UK retailer Tesco and the WWF have launched an innovative trial project that offers UK dairy farmers attractive subsidies for implementing climate-friendly agricultural practices in cultivating feed for their livestock.
The scheme aims to help reduce the environmental impact of the average shopping basket.
The project involves 15 farmers in Tesco’s Sustainable Dairy Group (TSDG), who have received an 80% seed subsidy to plant herbal leys – a soil-enriching grass mix of plants, legumes and herbs used as feed for dairy cows.
The seed mix offers several benefits over conventional grass fields, including better on-farm biodiversity, reduction in carbon footprint, improvement in soil health and water quality and better animal health.
'Critical Decade For Climate And Nature'
Tesco agriculture manager, Tom Atkins, stated, “We want to ensure we’re doing all we can to continue to support our farmers and, in this critical decade for climate and nature, help make our dairy farms some of the most sustainable in the world.
“We will continue to work with our farmers to both reduce carbon emissions and continue to increase the amount of biodiversity on farms. We will also be working together on more innovative initiatives like our herbal leys project, which should bring huge benefits in terms of soil health and biodiversity.”
Even though cows are responsible for 2% of the UK’s greenhouse gas emissions, finding a way to reduce emissions associated with dairy farming could lessen its environmental impact.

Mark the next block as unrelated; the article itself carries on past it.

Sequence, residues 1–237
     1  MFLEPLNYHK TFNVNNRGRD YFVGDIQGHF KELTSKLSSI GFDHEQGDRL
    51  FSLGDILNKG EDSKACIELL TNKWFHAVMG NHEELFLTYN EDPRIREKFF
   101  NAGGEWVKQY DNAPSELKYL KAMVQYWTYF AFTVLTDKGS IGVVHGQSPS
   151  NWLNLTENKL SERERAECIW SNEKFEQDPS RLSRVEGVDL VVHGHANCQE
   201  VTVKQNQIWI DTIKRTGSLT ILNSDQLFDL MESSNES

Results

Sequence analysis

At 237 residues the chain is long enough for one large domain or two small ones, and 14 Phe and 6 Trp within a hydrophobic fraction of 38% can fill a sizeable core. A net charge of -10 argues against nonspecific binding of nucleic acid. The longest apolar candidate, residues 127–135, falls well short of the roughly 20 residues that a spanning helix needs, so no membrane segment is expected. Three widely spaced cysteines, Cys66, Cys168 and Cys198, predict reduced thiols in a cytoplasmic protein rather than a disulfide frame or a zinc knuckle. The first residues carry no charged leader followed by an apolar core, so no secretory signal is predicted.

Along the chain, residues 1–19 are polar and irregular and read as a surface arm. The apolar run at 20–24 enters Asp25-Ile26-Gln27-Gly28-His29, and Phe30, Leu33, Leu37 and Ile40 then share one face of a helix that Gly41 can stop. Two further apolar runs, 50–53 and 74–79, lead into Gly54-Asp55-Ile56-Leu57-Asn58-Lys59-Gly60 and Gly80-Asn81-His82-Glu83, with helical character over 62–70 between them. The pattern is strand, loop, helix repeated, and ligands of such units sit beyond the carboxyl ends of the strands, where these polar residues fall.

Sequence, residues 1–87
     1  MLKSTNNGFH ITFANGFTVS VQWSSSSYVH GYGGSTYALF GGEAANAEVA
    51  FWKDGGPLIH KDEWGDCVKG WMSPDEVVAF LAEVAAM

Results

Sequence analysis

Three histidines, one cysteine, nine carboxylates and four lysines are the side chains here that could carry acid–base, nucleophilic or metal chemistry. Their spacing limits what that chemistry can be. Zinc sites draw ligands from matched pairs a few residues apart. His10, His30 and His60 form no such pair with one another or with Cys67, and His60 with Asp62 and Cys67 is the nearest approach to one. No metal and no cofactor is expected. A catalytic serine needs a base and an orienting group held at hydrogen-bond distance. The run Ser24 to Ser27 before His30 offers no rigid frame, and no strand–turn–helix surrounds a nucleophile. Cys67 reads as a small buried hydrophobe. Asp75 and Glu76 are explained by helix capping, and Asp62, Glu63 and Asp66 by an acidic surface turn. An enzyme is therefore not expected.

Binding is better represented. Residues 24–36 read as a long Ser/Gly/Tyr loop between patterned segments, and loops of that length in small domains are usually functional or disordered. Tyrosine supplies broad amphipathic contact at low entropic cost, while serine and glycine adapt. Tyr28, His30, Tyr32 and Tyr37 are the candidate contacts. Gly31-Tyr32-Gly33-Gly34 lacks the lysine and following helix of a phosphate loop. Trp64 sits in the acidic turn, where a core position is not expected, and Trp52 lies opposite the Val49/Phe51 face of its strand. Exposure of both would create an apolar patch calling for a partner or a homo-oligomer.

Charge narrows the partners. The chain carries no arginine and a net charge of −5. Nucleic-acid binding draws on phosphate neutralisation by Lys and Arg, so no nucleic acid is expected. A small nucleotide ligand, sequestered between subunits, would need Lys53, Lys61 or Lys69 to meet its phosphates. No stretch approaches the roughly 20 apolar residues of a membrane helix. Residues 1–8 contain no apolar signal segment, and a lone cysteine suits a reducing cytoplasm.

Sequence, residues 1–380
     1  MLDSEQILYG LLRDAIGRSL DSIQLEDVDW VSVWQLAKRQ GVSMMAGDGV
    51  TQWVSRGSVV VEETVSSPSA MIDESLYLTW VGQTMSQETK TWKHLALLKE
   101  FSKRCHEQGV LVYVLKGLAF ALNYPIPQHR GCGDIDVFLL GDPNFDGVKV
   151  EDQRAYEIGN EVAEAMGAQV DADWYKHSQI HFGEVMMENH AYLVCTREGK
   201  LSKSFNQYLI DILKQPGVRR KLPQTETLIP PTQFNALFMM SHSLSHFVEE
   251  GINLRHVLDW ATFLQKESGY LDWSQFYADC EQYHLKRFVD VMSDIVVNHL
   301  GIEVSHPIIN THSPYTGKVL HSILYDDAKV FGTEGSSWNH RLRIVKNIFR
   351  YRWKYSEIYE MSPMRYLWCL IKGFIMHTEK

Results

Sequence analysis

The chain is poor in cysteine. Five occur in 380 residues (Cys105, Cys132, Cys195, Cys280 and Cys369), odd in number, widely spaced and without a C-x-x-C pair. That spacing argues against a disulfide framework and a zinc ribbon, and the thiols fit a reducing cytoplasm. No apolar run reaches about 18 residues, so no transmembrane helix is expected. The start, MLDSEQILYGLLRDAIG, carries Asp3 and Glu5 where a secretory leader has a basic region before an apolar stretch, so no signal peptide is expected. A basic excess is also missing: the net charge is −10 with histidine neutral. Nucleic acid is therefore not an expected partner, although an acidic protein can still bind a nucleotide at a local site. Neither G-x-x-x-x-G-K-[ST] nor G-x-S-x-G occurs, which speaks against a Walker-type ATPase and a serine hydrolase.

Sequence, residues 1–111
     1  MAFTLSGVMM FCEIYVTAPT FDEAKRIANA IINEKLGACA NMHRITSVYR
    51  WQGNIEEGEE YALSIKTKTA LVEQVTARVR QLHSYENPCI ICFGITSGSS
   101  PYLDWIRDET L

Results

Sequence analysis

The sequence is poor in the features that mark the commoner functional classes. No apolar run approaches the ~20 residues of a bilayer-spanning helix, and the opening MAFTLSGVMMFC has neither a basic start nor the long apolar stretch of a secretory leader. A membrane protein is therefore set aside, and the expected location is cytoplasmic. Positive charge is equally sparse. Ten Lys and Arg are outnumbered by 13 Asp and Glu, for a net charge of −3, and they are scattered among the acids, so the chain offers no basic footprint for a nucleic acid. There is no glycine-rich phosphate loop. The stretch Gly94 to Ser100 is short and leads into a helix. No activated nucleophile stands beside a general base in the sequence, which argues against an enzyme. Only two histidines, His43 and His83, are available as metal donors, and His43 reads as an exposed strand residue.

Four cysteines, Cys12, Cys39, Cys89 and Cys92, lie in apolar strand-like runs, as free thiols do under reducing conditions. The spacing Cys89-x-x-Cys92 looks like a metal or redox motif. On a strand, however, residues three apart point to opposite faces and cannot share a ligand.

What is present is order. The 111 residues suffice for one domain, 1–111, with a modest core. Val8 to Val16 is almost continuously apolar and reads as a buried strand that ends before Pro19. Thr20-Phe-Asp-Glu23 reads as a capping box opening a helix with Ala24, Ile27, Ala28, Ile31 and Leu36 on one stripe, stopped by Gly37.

Since 2016, Tesco dairy farmers have reduced their carbon emissions by 6.5%.
The herbal leys trial is part of a more comprehensive set of measures by Tesco, designed to emphasise the importance of lowering carbon emissions and improving biodiversity on farms.
The retailer has introduced a new emissions reduction target to help TSDG farmers reduce their emissions by a further 10% by 2025.
Tesco added that plans to improve soil quality, water usage, and biodiversity would also be implemented on each TSDG farm.
Sustainable agriculture specialist at WWF, Callum Weir, said, “UK farmers have an important role to play in bringing back nature to our landscape via sustainable farming practices.
“Nature-based solutions such as herbal leys can play a role in tackling climate change and help support WWF and Tesco’s shared goal of halving the environmental impact of the average shopping basket.”
Participants In The Trial
Among the first to participate in the trial are dairy farmers Amie and Chris Lovatt, who run a farm near Macclesfield in Cheshire.
According to Amie Lovatt, finding the balance between producing affordable and healthy food and looking after the environment is vital.
“We believe that herbal leys could provide a perfect answer to that as not only will they improve soil health and structure thanks to their deep roots, but they are also less reliant on artificial fertilisers,” she added.